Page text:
Under canvas on the Afghan Border

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It would appear my Granddad spent a lot of time on the Afghan Border.  And when it was cold.. it was cold.  Some of the time his ” men” had to sleep under canvas but it didn’t seem to deter their spirits.  he said often they argued over blankets; hot toddies and sleeping in their uniform.  Anything to keep warm.  Its hard to imagine the snow there, but snow it did.    He always spoke highly of them and his Indian counterparts…afghan border

Each morning, there was Parade.  Wherever you were, and something that the men needed to keep their spirits high …..part of their training and part of their security . My grandfather, at the end of the third row. Smartly turned out and ready for inspection. He said he smiled to himself thinking of my grandmother moaning about darning ” ruddy woollen socks” smart boys

He got to know the Afghan Crossing pretty well and you have seen the picture of the Guide ( with rifle) marking the end of British India… ( yes, I know, what a cheek!) but here the picture marks the time the vehicle went off the road… the roads being infamous for treacherous paths and sudden drops. The question of the day was how they were going to right it and return it to their base… No small feat!   ( and a simple case of keep your eyes on the road, Captain please!)   oops

My grandfather loved his men and supported them very much……in return they respected him and fought for him.  He said he understood them because he was one of them.  A lowly Cannon Fodder boy who had to borrow the money to become an Officer, because ” his sort” just weren’t, ( normally) Officer Material.  He was with the Army until he retired in 1963.. when he was ….63 years old.  Having joined at 15 years, after lying about his age.

grandad and his men

An Obvious remark, but my granddad is on the right…notice how shiny his shoes are even after the dust and dirt.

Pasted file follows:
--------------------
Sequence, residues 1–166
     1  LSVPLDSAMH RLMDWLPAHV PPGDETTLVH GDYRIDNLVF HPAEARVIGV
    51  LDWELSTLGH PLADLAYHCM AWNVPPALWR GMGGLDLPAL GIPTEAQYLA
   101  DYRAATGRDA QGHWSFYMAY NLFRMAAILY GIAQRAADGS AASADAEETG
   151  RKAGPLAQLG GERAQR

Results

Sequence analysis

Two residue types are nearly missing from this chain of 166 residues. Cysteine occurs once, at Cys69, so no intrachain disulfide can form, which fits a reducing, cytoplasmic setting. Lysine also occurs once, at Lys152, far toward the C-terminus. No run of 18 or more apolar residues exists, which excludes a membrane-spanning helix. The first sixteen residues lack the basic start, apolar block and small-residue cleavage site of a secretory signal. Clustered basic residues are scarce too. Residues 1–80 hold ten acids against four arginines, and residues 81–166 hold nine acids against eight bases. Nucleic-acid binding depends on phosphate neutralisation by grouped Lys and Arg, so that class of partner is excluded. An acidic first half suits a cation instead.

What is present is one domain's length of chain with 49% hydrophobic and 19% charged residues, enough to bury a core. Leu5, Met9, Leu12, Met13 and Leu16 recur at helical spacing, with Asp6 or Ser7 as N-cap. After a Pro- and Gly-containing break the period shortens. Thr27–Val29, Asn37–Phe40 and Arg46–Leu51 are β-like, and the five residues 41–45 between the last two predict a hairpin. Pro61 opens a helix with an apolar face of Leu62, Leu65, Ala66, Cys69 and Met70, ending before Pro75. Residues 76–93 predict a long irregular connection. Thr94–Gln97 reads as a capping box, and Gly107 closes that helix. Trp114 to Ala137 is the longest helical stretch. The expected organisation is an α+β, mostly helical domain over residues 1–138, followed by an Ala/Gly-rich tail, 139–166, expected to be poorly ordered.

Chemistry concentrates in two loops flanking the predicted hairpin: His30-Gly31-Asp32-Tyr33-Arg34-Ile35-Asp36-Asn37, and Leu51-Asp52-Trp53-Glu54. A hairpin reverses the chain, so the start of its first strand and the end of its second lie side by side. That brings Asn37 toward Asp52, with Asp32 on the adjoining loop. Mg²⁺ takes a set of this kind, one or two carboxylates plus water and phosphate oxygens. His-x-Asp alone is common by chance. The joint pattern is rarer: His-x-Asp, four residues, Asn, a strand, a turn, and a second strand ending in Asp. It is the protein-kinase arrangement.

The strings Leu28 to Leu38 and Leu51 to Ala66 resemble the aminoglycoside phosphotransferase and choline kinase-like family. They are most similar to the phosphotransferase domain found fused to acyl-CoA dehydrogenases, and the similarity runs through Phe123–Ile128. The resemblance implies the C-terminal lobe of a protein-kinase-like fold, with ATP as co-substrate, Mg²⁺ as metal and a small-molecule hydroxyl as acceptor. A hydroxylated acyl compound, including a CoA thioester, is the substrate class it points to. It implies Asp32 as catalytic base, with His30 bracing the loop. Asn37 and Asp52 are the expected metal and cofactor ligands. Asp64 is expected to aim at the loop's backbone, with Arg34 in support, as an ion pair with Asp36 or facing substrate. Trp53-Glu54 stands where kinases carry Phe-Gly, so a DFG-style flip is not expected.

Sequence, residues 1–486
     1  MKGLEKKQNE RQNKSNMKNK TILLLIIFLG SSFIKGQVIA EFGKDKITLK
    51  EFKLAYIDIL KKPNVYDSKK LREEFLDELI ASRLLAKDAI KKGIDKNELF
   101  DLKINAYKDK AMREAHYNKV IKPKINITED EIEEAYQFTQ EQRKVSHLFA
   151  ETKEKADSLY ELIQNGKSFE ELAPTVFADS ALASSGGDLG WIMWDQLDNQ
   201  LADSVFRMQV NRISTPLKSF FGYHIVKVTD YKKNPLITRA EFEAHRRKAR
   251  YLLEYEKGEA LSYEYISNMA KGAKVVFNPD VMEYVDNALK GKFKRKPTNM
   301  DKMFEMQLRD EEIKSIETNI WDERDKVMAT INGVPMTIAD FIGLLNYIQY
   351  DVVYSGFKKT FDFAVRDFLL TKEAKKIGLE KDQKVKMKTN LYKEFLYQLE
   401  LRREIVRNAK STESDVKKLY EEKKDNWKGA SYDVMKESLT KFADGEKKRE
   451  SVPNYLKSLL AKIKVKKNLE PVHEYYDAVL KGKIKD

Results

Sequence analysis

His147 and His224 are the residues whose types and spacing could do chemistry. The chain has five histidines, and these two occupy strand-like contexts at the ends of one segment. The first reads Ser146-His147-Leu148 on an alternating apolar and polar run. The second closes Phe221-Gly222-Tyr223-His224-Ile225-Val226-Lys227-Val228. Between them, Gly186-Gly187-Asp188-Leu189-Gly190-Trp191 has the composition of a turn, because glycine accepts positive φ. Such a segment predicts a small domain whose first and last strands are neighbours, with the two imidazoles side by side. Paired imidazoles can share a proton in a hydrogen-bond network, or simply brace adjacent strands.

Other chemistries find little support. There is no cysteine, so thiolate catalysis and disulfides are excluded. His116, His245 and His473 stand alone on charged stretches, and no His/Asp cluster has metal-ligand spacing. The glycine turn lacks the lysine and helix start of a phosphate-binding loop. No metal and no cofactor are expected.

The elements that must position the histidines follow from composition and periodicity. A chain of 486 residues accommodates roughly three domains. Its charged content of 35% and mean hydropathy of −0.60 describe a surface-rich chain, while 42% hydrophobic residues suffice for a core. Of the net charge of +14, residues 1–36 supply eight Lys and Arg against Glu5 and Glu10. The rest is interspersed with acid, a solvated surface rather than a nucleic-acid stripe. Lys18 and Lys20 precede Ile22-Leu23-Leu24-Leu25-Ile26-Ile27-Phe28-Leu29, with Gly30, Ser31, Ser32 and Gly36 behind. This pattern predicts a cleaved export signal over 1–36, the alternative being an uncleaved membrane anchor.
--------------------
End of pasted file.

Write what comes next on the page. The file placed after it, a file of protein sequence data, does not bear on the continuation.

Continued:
And finally

Camels.. a huge event.  The camel market.  Held in the hills around the Afghan Border… A wonderful event for all to see.. more camels that the naked eye could imagine   ( and what a smell , as well)    he said he always remembered the smell….  came;s

Until next time.. with more louche tales of British Society in India…


7 thoughts on “Under canvas on the Afghan Border

    • Hmm . . . now strangely, this reply didn’t appear in my notifications area, which makes me wonder whether that long-winded exchange I initiated was pointless in any case. It’s going to be a problem if I have to keep checking to see if you’ve replied, so let’s hope it fixes itself – sometimes these WordPress glitches do. Anyway, do feel free to call me Harold if you wish. 😉


  1. HAH – I wondered if you would notice! You sound slightly exasperated Harrold, 0ld chap. Are you constipated or just ” out of sorts!”


  2. Quite enjoyed this, my Dear Jackie! And the easy relationship that Your grandfather had with the troops, as evidenced in their ease with him, just ‘reclining’ on that vehicle, is good to see. No wonder they fought ‘for’ him. …Regards. 🙂


    • or if I wanted to be contentious I could say they had little respect for him, slouching in front of an Officer ( unless he said to ” stand easy”… I have a beautiful silver cigarette case they presented to him. Lots of other memorabilia which I must put together. More stories as well.
      But mindful, as always , that the story the British tell would not be the story the Indians tell

      Liked by 1 person

      • C’mon, my Dear Jackie! You know that posture has little to do with respect. What more respect can a soldier render his officer than to be ready to go into the jaws of death at his command? 🙂

        Of course the view point can, and perhaps will, differ. But I think they are better left in the mists of time!

        Regards. 🙂

        Liked by 1 person

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